Psychology course(s) in the school setting
When asked how many sections of psychology were taught at the teacher's entire school in a typical academic year, 55 percent responded 5 sections or less, while 17 percent responded that there are ten or more sections of psychology taught at their schools. The number of sections of psychology taught at a school was positively correlated to the student population of the school.
Just over half (53 percent) of respondents said they were the only psychology teacher at their school, compared with the 79.8 percent Ragland (1992) found who were the only psychology teacher at their school two decades ago. While this percentage has decreased over the last two decades, our finding indicates that more than half of our respondents are without psychology colleagues at their schools.
Most (88 percent) of the respondents identified the social studies/social sciences department as their primary assigned department. Close to three percent taught in the natural science department. This may have been influenced by the outreach efforts we used to announce the survey, which included sending emails to social studies department chairs but not science department chairs. Our choice of outreach was based on previous studies (e.g., Ragland, 1992, Ware & Johns, 1990) that found high school psychology courses to often be housed within social studies departments.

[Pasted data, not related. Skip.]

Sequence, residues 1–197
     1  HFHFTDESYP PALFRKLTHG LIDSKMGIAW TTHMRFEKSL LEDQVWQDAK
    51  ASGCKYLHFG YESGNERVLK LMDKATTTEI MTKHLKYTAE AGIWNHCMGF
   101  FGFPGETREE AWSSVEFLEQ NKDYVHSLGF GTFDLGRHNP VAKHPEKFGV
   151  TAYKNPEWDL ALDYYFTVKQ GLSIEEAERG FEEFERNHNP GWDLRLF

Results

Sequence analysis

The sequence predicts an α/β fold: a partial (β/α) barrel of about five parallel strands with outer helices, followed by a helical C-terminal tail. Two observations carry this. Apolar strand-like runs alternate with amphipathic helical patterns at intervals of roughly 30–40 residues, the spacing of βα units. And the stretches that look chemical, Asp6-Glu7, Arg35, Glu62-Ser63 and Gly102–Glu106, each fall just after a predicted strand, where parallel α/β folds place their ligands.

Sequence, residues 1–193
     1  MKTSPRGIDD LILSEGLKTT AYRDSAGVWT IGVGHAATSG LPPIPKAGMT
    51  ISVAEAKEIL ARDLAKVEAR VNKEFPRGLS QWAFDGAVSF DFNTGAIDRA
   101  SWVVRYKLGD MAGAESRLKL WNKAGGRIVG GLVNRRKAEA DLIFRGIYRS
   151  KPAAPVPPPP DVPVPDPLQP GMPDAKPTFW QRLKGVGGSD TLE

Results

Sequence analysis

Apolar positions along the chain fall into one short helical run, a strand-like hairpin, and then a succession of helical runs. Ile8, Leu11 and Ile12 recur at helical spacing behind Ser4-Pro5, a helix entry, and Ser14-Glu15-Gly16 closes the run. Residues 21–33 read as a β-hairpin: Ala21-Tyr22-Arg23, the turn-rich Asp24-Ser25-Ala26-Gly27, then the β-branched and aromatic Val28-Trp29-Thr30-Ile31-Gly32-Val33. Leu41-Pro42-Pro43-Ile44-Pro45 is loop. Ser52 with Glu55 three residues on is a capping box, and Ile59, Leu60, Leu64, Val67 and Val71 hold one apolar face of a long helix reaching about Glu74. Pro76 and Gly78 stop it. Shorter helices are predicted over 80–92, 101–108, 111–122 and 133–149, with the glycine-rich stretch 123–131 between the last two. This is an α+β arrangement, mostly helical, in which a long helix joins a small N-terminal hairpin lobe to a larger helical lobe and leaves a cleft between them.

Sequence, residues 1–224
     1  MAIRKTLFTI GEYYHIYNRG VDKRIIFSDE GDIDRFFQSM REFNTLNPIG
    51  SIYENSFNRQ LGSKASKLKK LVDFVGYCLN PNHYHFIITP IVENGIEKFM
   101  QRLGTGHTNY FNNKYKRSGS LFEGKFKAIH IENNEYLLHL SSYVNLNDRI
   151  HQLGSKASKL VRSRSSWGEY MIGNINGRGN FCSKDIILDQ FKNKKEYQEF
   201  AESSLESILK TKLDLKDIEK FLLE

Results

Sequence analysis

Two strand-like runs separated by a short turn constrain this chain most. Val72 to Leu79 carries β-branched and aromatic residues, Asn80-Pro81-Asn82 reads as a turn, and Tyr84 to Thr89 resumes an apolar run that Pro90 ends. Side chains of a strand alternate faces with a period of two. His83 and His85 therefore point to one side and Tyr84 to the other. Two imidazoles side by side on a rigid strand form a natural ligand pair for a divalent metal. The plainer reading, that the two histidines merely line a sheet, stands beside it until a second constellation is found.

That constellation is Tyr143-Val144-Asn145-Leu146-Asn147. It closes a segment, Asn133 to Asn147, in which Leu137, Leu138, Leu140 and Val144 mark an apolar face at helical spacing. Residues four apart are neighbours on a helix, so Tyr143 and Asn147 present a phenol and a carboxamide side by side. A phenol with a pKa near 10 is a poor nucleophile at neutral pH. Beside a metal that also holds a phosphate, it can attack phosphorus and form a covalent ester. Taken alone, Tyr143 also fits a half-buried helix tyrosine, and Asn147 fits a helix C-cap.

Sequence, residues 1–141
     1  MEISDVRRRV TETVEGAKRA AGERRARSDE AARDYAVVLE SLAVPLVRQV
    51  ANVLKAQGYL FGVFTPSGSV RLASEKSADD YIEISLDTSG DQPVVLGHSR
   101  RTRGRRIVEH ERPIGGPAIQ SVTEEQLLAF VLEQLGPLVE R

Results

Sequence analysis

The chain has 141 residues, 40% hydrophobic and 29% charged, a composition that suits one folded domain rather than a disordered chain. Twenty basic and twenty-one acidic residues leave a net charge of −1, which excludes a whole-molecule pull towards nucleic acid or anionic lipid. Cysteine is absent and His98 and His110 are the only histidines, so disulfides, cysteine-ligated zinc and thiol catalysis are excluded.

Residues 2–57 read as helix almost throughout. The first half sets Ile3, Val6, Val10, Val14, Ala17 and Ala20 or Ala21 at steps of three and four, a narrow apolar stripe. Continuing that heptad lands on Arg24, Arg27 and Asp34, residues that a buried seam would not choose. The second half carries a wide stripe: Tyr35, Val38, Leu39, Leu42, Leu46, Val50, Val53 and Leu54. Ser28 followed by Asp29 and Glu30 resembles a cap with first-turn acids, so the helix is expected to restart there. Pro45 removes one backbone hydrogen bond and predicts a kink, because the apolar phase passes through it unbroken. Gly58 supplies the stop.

Becoming a psychology teacher
When asked how they became a psychology teacher, 50 percent of respondents said they were teaching another social studies course(s) and were assigned to teach psychology by their administration, while 19 percent said they were specifically looking for a job teaching high school psychology. Nearly half (46 percent) of respondents said they felt moderately or very prepared to teach psychology when they first taught the course, and 27 percent felt moderately or very unprepared. Those who were moderately or very prepared to teach the subject were more likely to hold a certification in psychology, and were more likely to hold a degree in psychology. See APA (2012) for recommendations regarding teacher preparation.
National board certification